By 1830, the annual per capita consumption of distilled spirits was five gallons approximately five times the amount people consume today. People paid their taxes with run and whiskey since alcohol was considered legal tender. Also, alcohol was a dietary staple because the supply of other beverages was inconsistent or unreliable and water often contained disease.

Taverns and inns acted as important community gathering centers. They served a variety of functions including trading posts, the local post office, auction houses, militia office and liquor retailer. As social gathering spots, patrons were often encouraged to drink and smoke to excess.

By the middle of the 19th century, advances in organic chemistry helped isolate and purify the active ingredients in drugs and provide new routes to altered states. The syringe was perfected in 1850. These advances increased the effectiveness of administering drugs and made drug use more convenient. Alcohol consumption had declined in the 1830s but the use of other drugs including opium increased steadily. Opium served as a primary pain killer and panacea for a variety of ills ranging from headaches to colic. The pharmaceutical industry grew very skilled at marketing newly developed drugs, moving them into mass production, and advertising and distributing them throughout the world. These events provided 19th century America with an era of unrestrained advertising and drug availability.

In the 1870s and `80s, society saw widespread medical and recreational use of drugs. A growing societal intolerance fueled by accelerated alcohol consumption and drunkenness resulted in widespread community commentary and complaints. Family violence such as wife and child beating became a more visible fact of life. Many other drugs including chloral hydrate and morphine were marketed in patent medicines. Many individuals did not know the ingredients in these elixirs and tonics and unknowingly developed dependencies. Others smoked hashish and visited opium dens. An increasing desire to more quickly gain control over the growing drug problem generated a change in the public's attitude toward drug use and created peer pressure directed at not using drugs. This change in attitude may be attributed to the perception that drug use interfered with productivity and individual achievement (graduating from school, and the setting of goals).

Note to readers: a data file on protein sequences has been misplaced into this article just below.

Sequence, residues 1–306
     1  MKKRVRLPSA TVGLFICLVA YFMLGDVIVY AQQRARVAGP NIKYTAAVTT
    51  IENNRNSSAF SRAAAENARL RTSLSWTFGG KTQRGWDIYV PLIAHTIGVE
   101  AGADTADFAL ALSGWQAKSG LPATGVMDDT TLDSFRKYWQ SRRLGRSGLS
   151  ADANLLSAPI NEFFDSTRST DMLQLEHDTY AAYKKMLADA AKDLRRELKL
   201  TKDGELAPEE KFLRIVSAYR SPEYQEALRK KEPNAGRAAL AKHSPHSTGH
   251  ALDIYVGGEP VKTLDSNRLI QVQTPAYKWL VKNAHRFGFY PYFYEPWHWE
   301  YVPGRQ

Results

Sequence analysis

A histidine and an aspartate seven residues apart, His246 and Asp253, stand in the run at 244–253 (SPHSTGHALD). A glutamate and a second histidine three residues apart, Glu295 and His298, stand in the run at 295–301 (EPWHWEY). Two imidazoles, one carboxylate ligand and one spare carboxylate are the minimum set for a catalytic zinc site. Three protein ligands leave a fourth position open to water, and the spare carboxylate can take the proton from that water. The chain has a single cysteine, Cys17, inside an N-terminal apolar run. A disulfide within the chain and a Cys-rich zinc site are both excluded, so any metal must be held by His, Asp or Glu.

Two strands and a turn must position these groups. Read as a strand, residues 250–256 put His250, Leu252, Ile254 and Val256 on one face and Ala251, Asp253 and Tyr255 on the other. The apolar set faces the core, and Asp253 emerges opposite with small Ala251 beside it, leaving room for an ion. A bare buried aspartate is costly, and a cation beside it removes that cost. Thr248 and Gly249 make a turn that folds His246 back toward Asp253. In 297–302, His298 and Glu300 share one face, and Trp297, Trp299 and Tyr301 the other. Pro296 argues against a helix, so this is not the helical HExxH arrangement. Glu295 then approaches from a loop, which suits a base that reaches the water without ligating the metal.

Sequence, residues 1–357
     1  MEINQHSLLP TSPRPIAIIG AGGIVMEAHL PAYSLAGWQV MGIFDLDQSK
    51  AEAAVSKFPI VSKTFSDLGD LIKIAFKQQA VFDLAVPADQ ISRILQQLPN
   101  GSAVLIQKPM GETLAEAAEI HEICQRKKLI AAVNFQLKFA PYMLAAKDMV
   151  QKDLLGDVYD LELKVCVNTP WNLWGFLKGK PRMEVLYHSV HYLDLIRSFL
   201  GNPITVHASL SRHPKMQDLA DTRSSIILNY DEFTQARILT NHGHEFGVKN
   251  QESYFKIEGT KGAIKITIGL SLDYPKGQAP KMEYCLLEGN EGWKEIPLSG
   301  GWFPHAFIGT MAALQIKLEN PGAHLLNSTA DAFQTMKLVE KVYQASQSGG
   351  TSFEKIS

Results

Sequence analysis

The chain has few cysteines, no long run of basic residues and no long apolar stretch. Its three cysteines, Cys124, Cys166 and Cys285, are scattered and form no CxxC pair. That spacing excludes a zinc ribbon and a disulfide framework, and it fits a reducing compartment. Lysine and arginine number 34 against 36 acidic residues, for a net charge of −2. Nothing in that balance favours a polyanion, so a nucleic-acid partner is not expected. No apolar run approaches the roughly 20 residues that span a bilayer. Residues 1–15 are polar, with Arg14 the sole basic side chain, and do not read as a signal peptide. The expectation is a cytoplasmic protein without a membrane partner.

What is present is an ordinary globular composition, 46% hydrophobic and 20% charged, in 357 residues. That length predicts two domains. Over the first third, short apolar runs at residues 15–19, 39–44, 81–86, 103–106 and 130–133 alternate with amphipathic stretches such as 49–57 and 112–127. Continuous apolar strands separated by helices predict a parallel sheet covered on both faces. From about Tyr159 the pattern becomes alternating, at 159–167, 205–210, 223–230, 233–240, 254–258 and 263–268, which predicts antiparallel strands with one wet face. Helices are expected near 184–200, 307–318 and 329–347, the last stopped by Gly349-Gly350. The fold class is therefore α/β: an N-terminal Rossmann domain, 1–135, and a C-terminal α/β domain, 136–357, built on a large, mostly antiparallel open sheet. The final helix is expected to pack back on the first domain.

These social events gave rise to a temperance movement between 1820 and 1850 and what could be called the first War on Drugs. The cries for moderate use of alcohol and complete abstinence swept the United States in the form of religious revivals. Secular societies also organized. One of these groups called the Washingtonians was similar to today's Alcoholics Anonymous. The temperance movement relying on moral persuasion and legal action to restrict the availability of alcohol reduced the annual alcohol consumption from five gallons per capita to two gallons by 1840. While the mechanics of addiction were still not clearly understood at this time many physicians struggled to find treatments for their patients' addictions.